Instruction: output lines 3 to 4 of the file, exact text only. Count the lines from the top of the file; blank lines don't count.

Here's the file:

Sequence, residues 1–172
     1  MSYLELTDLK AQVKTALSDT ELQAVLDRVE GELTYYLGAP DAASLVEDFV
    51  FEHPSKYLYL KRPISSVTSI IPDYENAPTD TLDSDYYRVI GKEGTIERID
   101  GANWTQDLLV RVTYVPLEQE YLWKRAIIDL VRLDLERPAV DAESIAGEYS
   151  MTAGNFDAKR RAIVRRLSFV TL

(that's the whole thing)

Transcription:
    51  FEHPSKYLYL KRPISSVTSI IPDYENAPTD TLDSDYYRVI GKEGTIERID
   101  GANWTQDLLV RVTYVPLEQE YLWKRAIIDL VRLDLERPAV DAESIAGEYS